If you want to invest in cryptocurrency for the long haul or keep it securely until you’re ready to sell, you’ll need a reliable digital wallet.
- Step#1: Utilize Digital Wallets
- Step#2: Set up a Strong Password
- Step#3: Keep Updating your Crypto Software
- Step#4: Think Like a Hacker
Related: Cryptocurrencies Wallet: Best Wallets to go for Investors
1. What are the most common crypto scams?
Rug-pulling, romance fraud, phishing, and investment scams are among the most common types of fraud.
2. If someone sends you Bitcoin, can you get scammed?
You shouldn’t go through with deals you don’t fully understand. The only ways for someone to take your cryptocurrency are if they successfully trick you, if you give them the keys, or if they hack your wallet and steal the keys.
3. How do you not get crypto scams?
Knowing the methods con artists use and keeping your guard will significantly reduce your chances of falling for one. Recognize the warning signals, and keep your keys in a location other than your wallet.
4. What are the most dangerous BTC and crypto scams?
Bitcoin scams typically involve phishing emails, fake or spoof websites, or the imitation of reputable bitcoin businesses. It’s very uncommon for scammers to use crypto freebies to get you to visit dangerous websites.
5. What do Bitcoin scams mean?
Bitcoin scams come in many forms but always have the same ultimate goal. When hackers and cybercriminals want you to transmit Bitcoin to their blockchain address or take over your account, they resort to trickery. They may try to hack your device in several different ways, including phishing and impersonation.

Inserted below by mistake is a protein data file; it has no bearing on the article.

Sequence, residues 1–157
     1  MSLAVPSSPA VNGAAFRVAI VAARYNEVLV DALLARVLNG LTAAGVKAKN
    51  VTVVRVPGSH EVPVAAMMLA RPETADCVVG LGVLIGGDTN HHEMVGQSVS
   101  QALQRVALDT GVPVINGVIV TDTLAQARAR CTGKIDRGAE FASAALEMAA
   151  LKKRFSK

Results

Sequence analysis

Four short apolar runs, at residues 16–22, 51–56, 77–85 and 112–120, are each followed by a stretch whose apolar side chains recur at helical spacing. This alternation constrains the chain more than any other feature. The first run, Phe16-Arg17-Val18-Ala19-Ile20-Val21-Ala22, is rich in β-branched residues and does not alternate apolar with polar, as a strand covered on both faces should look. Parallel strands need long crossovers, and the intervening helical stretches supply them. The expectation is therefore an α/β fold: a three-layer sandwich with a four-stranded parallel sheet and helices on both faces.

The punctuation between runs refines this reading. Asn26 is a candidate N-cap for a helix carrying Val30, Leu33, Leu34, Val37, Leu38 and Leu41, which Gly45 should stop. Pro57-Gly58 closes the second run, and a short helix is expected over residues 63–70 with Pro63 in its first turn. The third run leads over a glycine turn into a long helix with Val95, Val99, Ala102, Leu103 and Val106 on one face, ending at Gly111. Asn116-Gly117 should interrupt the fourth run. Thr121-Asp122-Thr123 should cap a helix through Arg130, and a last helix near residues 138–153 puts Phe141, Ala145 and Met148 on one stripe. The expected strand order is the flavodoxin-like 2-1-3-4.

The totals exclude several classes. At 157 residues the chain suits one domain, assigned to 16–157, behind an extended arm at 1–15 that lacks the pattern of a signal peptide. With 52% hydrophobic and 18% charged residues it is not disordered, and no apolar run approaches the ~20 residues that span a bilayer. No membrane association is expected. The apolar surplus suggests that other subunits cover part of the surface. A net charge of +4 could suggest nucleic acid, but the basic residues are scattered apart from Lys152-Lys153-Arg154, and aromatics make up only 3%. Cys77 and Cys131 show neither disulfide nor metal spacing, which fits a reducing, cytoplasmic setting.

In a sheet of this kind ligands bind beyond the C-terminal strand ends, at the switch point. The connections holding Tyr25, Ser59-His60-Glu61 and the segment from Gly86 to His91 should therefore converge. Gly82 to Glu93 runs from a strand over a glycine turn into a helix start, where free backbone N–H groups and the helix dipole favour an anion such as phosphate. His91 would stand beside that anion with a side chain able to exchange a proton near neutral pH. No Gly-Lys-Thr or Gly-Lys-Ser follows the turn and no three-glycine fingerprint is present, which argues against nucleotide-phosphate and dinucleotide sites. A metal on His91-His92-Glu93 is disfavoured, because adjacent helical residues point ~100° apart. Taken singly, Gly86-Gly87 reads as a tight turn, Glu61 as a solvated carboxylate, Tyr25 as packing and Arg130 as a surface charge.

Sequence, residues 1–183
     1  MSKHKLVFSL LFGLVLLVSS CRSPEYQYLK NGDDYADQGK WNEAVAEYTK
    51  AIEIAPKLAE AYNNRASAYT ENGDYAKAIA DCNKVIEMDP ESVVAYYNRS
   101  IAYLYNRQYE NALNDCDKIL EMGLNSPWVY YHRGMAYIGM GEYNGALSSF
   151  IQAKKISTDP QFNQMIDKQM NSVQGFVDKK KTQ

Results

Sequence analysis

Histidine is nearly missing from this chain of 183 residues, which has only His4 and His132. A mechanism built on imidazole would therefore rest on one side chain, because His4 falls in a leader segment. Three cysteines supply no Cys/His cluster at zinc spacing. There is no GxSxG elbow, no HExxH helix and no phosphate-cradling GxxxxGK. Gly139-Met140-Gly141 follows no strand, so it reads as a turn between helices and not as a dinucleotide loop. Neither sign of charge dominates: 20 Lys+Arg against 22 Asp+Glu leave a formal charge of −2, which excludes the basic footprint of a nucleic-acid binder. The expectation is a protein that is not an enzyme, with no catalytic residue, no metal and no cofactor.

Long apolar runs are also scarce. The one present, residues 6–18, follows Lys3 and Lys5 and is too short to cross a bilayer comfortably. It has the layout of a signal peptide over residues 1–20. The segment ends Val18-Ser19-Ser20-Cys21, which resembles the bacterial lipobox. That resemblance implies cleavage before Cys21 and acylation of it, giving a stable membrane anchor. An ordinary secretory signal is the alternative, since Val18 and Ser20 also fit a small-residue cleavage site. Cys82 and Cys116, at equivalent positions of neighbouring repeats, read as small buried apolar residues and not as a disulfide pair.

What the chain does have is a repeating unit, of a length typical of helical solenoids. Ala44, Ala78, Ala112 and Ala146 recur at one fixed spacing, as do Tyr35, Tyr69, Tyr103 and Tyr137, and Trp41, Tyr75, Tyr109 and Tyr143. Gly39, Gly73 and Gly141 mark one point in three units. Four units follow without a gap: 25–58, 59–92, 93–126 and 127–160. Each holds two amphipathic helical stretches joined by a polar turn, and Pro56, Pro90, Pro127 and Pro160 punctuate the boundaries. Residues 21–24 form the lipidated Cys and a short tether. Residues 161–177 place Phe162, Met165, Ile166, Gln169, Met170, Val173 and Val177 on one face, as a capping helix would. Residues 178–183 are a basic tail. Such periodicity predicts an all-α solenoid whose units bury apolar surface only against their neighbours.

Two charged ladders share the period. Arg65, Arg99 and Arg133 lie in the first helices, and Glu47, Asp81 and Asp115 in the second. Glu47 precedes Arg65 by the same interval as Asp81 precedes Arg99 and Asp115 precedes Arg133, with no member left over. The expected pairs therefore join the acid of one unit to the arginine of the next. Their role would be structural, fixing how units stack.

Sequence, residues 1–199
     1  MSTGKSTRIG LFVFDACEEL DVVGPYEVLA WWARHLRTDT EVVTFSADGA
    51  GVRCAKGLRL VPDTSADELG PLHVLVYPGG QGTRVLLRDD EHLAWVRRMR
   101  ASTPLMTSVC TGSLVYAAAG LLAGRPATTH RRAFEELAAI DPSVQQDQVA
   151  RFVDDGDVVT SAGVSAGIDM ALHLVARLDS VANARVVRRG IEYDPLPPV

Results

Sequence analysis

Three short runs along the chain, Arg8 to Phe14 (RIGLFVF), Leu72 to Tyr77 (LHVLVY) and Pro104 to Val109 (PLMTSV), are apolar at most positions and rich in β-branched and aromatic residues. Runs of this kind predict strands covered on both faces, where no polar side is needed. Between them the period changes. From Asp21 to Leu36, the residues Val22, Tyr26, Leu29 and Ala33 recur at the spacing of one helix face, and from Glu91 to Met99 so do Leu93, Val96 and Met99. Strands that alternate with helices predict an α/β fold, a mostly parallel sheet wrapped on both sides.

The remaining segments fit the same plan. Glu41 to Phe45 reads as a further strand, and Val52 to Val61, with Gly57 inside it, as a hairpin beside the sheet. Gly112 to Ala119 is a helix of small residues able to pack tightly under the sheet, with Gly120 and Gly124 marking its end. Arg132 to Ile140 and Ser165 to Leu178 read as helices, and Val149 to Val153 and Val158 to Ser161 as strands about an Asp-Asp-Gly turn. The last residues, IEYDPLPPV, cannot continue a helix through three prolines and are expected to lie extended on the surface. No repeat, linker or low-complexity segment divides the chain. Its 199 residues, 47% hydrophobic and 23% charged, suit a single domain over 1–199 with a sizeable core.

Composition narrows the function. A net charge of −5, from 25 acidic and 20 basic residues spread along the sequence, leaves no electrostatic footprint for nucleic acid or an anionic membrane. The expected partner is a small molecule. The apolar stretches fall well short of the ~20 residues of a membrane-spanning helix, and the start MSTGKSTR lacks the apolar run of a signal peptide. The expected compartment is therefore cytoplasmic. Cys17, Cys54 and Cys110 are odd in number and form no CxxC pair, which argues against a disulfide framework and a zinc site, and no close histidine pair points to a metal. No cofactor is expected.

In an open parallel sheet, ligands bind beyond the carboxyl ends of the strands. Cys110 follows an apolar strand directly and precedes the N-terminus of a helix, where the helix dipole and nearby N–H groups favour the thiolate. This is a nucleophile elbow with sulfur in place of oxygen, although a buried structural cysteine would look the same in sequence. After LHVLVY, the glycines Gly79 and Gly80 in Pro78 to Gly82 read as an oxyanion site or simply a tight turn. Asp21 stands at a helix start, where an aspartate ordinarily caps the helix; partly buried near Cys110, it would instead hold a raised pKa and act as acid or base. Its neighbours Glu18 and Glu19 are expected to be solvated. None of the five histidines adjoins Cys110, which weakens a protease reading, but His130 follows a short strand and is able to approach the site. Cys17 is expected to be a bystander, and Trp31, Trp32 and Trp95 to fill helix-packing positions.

6. Is there a way to protect me from crypto scams?
Your digital assets should be kept in either a “hot” or “cold” wallet. Cold wallets are more secure than traditional online wallets since they are offline hardware devices. You should always utilize a virtual private network (VPN) when buying, selling, or exchanging bitcoin online.
Entering the bitcoin market might have profound effects on one’s life. If you make a deal at the right time, you may make a lot of money. Jumping into a frenzy of fear of missing out might teach you a valuable lesson in patience, though.
There’s a chance your partially held Bitcoins will be worth millions in ten years if you’re considering entering the cryptocurrency market. Research and learn as much as possible about the space before diving in.
PayPal now accepts Bitcoin purchases. You wouldn’t want your hard-earned digital cash to fall into the hands of cybercriminals and hackers because of fraud or because you weren’t careful enough to protect it. Look into the most exemplary virtual private networks (VPNs) for crypto trading for added safety.
Here, I conclude my article “Crypto Scams to be Aware of in 2022.” For more crypto articles, you can visit our cryptocurrency category page or stay tuned for more informative articles!
Related: Bitcoin Price Drop: Reasons for the Decrease in Price